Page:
For asset managers, the amount of choice when it comes to selecting a third-party service provider has become overwhelming.
All in all, almost 80% of financial institutions have entered into some sort of partnership with a technology-based service provider. For asset managers, these tech firms are offering support across the board—investment accounting, compliance monitoring, performance measurement, operations, big data and much more.
When selecting a partner, asset managers should be rigorous in their due diligence and not be swayed by flashy sales pitches that disguise gaps in a provider’s capabilities. For instance, fintech companies founded and operated by technologists tend to have a lot of visual flash, but may require extensive custom development to address an investment manager’s specific investment process or client construct. Service outsourcers that started out as such and amassed technologies in support of their service offering may suffer the inefficiency effects of disintegrated systems. Fund administrators in this space may have deep knowledge of the investment process and adequate technology, but their motivation to win fund admin/custody/transfer agency business can distract from their service delivery.
As the landscape of technology-enabled service providers has expanded, asset managers need to ensure that the service providers they consider are well matched to the manager’s motivations, requirements and culture. The goal is to become more efficient operationally and not replace in-house functions with an even larger vendor oversight burden.
As a former consultant to asset managers seeking new solutions, I’ve experienced many technology and service providers’ pitches and have sat side by side with asset managers transitioning to new providers. The experience was eye-opening, and I share some of the revelations here:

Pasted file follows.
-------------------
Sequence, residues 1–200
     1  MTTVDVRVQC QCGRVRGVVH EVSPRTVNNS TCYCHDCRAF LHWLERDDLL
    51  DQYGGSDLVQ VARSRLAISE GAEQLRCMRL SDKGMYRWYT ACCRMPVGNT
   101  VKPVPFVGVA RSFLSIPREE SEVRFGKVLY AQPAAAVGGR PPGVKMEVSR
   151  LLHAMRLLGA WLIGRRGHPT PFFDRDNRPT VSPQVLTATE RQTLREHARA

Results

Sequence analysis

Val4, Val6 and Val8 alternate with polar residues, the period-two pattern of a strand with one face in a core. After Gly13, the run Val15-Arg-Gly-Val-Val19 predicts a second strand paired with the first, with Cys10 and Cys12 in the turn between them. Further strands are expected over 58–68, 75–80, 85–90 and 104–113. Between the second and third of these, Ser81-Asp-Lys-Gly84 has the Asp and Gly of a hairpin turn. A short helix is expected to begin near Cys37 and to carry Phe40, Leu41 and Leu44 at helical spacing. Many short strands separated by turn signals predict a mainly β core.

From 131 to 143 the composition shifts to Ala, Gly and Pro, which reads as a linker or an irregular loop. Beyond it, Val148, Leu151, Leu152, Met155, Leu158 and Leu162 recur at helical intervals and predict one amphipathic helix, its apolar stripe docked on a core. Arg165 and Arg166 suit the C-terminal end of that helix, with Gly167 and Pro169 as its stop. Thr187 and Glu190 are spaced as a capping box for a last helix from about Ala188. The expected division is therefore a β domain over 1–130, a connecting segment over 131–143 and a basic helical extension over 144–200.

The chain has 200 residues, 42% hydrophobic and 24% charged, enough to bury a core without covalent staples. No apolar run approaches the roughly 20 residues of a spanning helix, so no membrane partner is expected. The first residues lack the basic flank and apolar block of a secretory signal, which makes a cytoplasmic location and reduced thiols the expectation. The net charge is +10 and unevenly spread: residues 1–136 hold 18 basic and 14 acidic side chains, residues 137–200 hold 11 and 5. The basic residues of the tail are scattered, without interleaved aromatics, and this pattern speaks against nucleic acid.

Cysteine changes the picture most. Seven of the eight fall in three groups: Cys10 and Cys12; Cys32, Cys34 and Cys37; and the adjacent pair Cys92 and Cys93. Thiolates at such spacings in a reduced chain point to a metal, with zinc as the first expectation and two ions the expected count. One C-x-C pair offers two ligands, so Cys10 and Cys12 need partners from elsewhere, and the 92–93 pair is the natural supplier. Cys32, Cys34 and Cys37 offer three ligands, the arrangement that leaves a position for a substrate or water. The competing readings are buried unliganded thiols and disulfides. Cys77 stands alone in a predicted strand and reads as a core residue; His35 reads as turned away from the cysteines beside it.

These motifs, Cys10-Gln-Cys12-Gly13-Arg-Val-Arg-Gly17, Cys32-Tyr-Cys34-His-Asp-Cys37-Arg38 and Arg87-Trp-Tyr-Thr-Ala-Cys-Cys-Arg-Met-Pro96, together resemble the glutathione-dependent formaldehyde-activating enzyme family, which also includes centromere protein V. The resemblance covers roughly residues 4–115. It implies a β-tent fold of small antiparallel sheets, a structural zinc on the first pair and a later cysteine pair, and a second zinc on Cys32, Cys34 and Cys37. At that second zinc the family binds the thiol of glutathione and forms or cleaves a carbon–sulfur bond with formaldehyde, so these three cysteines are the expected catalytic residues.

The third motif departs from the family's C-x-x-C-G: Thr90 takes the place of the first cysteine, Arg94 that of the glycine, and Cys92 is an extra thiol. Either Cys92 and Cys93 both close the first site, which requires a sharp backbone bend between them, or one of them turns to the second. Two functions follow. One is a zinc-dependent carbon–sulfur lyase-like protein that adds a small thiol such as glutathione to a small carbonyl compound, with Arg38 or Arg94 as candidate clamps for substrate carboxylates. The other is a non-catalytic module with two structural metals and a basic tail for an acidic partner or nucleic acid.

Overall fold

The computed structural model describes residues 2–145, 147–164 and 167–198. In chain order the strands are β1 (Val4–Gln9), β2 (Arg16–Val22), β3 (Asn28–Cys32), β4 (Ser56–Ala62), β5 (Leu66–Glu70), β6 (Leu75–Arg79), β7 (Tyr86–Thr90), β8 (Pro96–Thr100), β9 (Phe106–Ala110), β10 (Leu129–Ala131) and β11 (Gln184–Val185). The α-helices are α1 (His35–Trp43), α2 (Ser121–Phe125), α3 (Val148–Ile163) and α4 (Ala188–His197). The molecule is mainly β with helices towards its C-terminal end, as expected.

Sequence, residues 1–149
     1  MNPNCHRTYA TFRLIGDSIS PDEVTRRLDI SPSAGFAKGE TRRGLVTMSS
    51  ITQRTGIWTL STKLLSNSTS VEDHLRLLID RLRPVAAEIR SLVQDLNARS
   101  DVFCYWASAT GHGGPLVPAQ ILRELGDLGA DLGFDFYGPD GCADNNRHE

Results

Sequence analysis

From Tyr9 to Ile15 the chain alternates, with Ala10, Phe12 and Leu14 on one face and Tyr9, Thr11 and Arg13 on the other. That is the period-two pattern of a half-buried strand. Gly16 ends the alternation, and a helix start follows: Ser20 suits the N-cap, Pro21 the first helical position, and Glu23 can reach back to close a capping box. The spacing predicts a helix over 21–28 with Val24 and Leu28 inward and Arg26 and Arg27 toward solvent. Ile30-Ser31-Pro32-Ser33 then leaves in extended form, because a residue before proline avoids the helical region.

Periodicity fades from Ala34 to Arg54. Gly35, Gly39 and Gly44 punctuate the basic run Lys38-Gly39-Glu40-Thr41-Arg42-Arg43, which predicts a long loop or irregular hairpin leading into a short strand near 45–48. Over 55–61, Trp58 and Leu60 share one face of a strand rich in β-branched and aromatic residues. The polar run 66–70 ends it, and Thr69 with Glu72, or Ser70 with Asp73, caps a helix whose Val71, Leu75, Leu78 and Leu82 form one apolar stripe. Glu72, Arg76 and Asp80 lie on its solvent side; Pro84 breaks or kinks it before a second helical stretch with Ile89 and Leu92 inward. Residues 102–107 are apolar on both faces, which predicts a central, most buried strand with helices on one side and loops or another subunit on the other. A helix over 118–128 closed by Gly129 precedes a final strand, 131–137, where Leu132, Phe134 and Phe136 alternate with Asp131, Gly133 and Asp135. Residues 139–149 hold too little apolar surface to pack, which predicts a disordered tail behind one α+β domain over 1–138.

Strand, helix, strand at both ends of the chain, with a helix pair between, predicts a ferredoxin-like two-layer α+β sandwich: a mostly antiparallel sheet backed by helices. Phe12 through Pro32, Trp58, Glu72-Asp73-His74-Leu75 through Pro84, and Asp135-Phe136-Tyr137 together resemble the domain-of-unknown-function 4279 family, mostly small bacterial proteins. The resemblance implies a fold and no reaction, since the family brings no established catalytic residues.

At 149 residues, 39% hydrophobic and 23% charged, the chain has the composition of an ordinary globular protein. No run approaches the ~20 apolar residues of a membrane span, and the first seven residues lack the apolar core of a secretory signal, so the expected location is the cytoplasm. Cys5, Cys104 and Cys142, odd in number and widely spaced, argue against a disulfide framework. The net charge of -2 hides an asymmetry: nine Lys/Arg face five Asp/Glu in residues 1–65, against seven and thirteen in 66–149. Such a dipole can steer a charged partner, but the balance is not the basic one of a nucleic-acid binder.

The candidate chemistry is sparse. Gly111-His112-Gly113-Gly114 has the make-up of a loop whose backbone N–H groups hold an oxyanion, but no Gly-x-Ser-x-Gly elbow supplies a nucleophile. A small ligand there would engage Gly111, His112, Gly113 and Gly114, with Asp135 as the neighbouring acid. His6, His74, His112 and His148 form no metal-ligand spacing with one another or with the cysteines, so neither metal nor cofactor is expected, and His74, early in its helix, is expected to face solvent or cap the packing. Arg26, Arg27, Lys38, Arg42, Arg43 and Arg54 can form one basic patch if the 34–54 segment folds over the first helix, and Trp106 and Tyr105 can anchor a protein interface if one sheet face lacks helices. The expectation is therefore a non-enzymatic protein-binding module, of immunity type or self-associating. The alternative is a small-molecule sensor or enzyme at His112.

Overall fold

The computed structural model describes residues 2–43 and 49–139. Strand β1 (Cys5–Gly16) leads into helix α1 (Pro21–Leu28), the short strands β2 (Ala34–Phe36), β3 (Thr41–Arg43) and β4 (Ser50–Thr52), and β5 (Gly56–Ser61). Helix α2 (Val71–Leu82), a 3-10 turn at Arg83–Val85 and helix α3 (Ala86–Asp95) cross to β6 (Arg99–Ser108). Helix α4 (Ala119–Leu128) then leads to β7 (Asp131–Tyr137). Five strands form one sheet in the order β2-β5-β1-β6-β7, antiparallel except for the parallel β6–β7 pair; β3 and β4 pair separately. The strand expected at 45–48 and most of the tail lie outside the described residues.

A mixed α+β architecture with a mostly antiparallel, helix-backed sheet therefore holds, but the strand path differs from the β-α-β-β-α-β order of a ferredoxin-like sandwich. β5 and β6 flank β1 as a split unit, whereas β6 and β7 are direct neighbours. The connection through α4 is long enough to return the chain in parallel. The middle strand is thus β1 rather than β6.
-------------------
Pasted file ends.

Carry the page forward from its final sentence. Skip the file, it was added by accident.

When you hear “The system automatically ...,” ask “how exactly does that work?” Provide the vendor with real, day-in-life examples of your most challenging issues for the vendor to demonstrate their understanding and competence. Automation can serve as a powerful, time-saving addition to any technology service offering. But when executed improperly or without adequate oversight, automation can introduce costly errors and setbacks that cut into margins and irritate clients.
When you hear “We’re very experienced with ...,” ask for references. Actions speak louder than words. Hearing firsthand from companies with needs similar to your own that have worked with a particular technology firm can provide valuable insights into the service provider’s functionality and flexibility. And probe the experience level of the vendor’s team. Are team members also former practitioners in your specific space? Unless the vendor’s team has quite literally walked in your shoes and risen to the challenges of your securities, flows, processes, and trade partners, they may be ill-equipped to serve you; you don’t want to be on the “giving” end of the training task.
When you hear “We’re an independent affiliate of ...,” dig deeper into the DNA of the parent firm. Examine whether their core business aligns with your own or if it’s just tangentially related. Ask the vendor if the core management team of the affiliate still remains with the firm after their acquisition. While being affiliated with a larger corporation isn’t necessarily a red flag, it is worth looking into this relationship to ensure there is no conflict of interest that could influence the level of service provided or leave you dodging pesky salespeople constantly trying to upsell in areas that aren’t critical to your firm.
When you hear “We have unlimited capacity for …,” say “thanks, anyway.” Everything has its limits. And when service providers are boasting about having unlimited capacity, what they usually mean is that they are willing to say whatever it takes to win you as a customer.
Technology service providers can arm asset managers with powerful tools that expand margins, raise productivity and lift client satisfaction. However, finding a provider that can deliver all of this typically doesn’t happen quickly. Due diligence is required, and decision-makers are strongly encouraged to speak out when red flags fly, in order to select the right partner to bolster their firm’s success.
Pat Green is a member of the relationship management team at Archer.